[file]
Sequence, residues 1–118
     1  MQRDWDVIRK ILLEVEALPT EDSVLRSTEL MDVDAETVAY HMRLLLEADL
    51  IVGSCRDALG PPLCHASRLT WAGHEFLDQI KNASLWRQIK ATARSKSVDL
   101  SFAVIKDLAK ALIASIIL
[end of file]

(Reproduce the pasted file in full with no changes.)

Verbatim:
Sequence, residues 1–118
     1  MQRDWDVIRK ILLEVEALPT EDSVLRSTEL MDVDAETVAY HMRLLLEADL
    51  IVGSCRDALG PPLCHASRLT WAGHEFLDQI KNASLWRQIK ATARSKSVDL
   101  SFAVIKDLAK ALIASIIL